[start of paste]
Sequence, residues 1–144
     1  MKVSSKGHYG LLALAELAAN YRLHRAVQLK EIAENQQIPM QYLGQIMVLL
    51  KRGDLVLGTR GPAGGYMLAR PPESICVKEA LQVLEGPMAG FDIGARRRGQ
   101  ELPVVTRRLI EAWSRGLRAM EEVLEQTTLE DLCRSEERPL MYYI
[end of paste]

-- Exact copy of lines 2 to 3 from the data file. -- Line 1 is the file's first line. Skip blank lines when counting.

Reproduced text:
     1  MKVSSKGHYG LLALAELAAN YRLHRAVQLK EIAENQQIPM QYLGQIMVLL
    51  KRGDLVLGTR GPAGGYMLAR PPESICVKEA LQVLEGPMAG FDIGARRRGQ